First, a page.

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Article
July 1949

INTRAORBITAL ANEURYSMA Case of Aneurysm of the Lacrimal Artery

Author Affiliations

CHICAGO
From the Chicago Memorial Hospital and the Department of Neurology and Neurological Surgery of the College of Medicine of the University of Illinois.

Arch Ophthalmol. 1949;42(1):1-13. doi:10.1001/archopht.1949.00900050004001
Abstract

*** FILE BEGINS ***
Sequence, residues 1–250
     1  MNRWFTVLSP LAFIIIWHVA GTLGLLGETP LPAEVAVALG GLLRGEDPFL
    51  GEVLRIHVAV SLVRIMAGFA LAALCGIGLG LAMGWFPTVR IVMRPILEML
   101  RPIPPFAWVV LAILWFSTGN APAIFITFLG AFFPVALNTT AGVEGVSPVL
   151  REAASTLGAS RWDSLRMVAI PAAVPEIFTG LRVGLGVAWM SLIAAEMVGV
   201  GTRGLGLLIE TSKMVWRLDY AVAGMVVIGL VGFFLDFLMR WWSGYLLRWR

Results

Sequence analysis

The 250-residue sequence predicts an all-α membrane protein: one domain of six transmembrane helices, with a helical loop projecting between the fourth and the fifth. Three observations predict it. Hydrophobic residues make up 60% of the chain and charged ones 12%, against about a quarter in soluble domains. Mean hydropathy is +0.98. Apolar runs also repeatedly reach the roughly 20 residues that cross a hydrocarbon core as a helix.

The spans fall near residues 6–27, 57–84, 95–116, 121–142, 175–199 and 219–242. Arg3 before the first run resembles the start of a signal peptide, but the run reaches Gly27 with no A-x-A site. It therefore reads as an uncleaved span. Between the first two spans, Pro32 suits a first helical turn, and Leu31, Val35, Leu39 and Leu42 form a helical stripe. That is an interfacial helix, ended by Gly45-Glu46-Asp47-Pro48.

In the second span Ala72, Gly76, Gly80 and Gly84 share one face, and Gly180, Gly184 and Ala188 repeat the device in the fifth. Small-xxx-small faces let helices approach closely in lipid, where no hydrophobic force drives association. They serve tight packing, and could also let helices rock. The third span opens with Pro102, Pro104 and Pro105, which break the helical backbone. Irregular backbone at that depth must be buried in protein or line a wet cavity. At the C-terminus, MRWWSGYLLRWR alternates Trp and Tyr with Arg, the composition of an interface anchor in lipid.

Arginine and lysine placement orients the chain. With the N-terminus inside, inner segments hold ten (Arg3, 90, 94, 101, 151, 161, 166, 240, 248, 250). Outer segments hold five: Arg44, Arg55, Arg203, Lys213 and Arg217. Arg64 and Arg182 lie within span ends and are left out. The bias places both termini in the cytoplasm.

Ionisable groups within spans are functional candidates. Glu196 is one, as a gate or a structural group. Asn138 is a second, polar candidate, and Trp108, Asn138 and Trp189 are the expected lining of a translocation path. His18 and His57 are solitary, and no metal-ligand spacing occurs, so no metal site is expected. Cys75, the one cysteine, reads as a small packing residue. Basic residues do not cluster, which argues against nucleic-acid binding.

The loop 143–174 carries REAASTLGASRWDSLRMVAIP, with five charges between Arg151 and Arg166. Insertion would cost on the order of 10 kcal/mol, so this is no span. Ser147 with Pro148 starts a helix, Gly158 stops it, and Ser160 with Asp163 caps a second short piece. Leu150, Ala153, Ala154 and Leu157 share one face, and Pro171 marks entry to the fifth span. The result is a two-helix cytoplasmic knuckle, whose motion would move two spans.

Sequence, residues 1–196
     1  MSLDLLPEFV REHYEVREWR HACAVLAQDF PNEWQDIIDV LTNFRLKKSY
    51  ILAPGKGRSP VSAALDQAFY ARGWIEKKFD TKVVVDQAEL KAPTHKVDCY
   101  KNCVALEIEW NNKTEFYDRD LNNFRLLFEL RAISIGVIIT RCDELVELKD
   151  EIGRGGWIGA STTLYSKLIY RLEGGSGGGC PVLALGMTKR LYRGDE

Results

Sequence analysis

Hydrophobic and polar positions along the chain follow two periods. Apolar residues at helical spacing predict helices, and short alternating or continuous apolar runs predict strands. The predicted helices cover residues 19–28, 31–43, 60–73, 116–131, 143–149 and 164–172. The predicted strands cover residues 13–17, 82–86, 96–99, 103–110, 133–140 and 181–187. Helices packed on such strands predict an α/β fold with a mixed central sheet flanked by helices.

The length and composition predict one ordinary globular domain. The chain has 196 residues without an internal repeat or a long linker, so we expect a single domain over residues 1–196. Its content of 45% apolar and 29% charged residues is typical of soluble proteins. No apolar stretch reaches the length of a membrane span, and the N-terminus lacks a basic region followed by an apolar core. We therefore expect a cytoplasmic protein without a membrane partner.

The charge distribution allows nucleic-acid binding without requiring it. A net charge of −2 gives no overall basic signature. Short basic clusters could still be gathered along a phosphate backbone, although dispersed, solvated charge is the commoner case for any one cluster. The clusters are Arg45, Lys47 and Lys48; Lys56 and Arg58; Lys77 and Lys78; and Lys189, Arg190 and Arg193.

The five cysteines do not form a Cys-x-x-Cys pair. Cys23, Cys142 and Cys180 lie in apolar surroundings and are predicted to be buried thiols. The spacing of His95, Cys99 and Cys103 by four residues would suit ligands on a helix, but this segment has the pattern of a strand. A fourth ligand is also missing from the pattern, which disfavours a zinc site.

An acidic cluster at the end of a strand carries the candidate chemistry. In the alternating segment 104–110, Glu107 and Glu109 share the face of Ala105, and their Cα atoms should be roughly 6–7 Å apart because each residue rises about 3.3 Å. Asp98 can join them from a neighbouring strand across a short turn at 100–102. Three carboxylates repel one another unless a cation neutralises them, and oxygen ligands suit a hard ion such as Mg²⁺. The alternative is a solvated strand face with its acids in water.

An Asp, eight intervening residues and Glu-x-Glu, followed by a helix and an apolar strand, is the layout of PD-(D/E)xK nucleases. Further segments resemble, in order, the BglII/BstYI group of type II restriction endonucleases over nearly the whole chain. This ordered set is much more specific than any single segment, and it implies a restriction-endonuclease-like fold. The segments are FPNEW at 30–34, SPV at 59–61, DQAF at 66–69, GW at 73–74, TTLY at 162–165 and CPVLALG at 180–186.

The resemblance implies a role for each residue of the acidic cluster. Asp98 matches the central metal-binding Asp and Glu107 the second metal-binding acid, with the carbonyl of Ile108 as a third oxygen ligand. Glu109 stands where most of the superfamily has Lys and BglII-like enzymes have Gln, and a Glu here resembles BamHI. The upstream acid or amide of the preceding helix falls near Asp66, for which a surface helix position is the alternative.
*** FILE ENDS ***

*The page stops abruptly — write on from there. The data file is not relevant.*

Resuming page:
SURVEY OF LITERATURE  ANEURYSM that it is commonly referred to in any discussion of the differential diagnosis of exophthalmos and that a number of cases, so diagnosed, have been reported in the literature. In a survey of the literature we have found reports of 68 cases in which a diagnosis of intraorbital aneurysm was made. Very few of these reports contain information concerning any pathologic investigation, and in even fewer do the recorded facts indicate that a true intraorbital aneurysm was present. In the great majority of instances the diagnosis rested on clinical observations alone.In the early ophthalmologic literature it is evident that the diagnosis of intraorbital aneurysm was usually based (of course, erroneously) on the finding of a pulsating exophthalmos. In 1823 Guthrie1 made the first diagnosis of orbital aneurysm, basing his diagnosis on autopsy observations. His was the third recorded case of pulsating exophthalmos, being preceded

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